Strategic CIO // IT Strategy
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11/25/2013
01:00 AM
Andy Sealock
Andy Sealock
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Outsourcing: Why Onshore Vs. Offshore Isn’t The Right Question

Well publicized offshore outsourcing challenges, a narrowing labor-cost gap, and political considerations have some aggressively promoting onshoring. But they're missing the point.

Enterprises elect to bring offshore operations onshore or in-house for a number of reasons. While performance certainly can play a role, motivations also include strategic business reasons and a belief that the enterprise can perform the function better and more cost effectively than the offshore service provider. Or, maybe it’s convinced that the value generated by increased service quality (via shorter cycle time, reduced error rate, better customer satisfaction) that’s, in theory, achieved by performing functions in-house or via an onshore model will more than offset the increase in costs.

This cost gap might be closed further by the better productivity of onshore resources relative to offshore, eliminating the management overhead associated with offshore operations, and continued increases in labor rates in offshore markets.

Some enterprises are also driven by the public relations benefits and goodwill that can come by communicating that they’re creating jobs in the US instead of shipping them overseas. Apple’s recent moves are a prime example.

These are all potentially valid reasons for considering onshoring (either in-house or outsourced). However, a rational, defendable choice -- as opposed to emotional or “gut-feel” reactions -- requires an objective analysis and quantification of costs, risks, and value generated.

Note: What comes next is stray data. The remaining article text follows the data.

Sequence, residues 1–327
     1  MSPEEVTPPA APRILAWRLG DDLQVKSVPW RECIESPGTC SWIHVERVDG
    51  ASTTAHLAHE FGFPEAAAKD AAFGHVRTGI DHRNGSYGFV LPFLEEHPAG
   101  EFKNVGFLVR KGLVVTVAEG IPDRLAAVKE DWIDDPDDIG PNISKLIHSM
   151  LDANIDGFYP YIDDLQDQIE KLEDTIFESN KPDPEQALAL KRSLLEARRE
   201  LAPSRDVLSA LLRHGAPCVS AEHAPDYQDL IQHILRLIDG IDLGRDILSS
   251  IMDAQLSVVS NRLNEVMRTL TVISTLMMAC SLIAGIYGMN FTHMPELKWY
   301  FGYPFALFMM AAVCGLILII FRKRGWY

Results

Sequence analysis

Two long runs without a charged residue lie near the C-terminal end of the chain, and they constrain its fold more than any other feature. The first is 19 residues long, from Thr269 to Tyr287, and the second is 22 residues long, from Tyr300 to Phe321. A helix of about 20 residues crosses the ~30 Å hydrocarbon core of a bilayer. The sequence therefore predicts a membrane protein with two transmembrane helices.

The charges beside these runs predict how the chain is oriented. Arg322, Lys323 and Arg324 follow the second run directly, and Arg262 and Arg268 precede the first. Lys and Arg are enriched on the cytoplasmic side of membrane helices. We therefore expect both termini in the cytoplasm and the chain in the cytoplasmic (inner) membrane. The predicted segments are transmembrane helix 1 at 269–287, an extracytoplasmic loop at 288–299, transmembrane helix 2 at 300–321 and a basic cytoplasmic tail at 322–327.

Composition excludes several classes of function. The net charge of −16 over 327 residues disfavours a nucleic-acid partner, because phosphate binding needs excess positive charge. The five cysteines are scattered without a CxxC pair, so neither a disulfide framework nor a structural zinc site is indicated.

I’ll discuss how to go about that analysis, but first, take a hard look at whether your own house is in order, because that’s often the right question to ask.

[ Hey, you met budget! But, did you deliver value? See How To Budget Your Way To Irrelevance. ]

There’s no shortage of press on offshore outsourcing deals gone bad, and one of the most common reasons I hear for moving work back to the US is that the relationship with the current vendor or service delivery performance has deteriorated -- potentially to the point of contract breach.

While outsourcing relationship breakdowns are sometimes due solely to vendor performance, in most cases these situations are two-way streets, with plenty of blame to go around. Common causes for relationship breakdown include:

  • Deficiencies of the individual enterprise staff involved
  • Incomplete or poorly designed processes/policies
  • Gaps in the contract governing the relationship
  • The enterprise under-investing in the vendor management and governance function
  • Poor execution of the roles and responsibilities that the enterprise controls under the outsourcing contract

If these issues aren’t addressed, simply moving the function from offshore to onshore may do very little to address the performance problems but will most likely increase costs -- the worst of both worlds.

Percentage of Outsourced IT Operations

In my experience, most offshore provider staffers have adequate (perhaps even excellent) credentials and expertise. Most service-related issues stem from difficulty in managing these resources, especially problems in communicating requirements and offering feedback on quality. Blame a number of factors, including cultural differences, language barriers, time zone management, and attrition. However, take a hard look at what investments both the service provider and your own company have made in people, processes, and technologies to mitigate these obstacles. Have you done your part?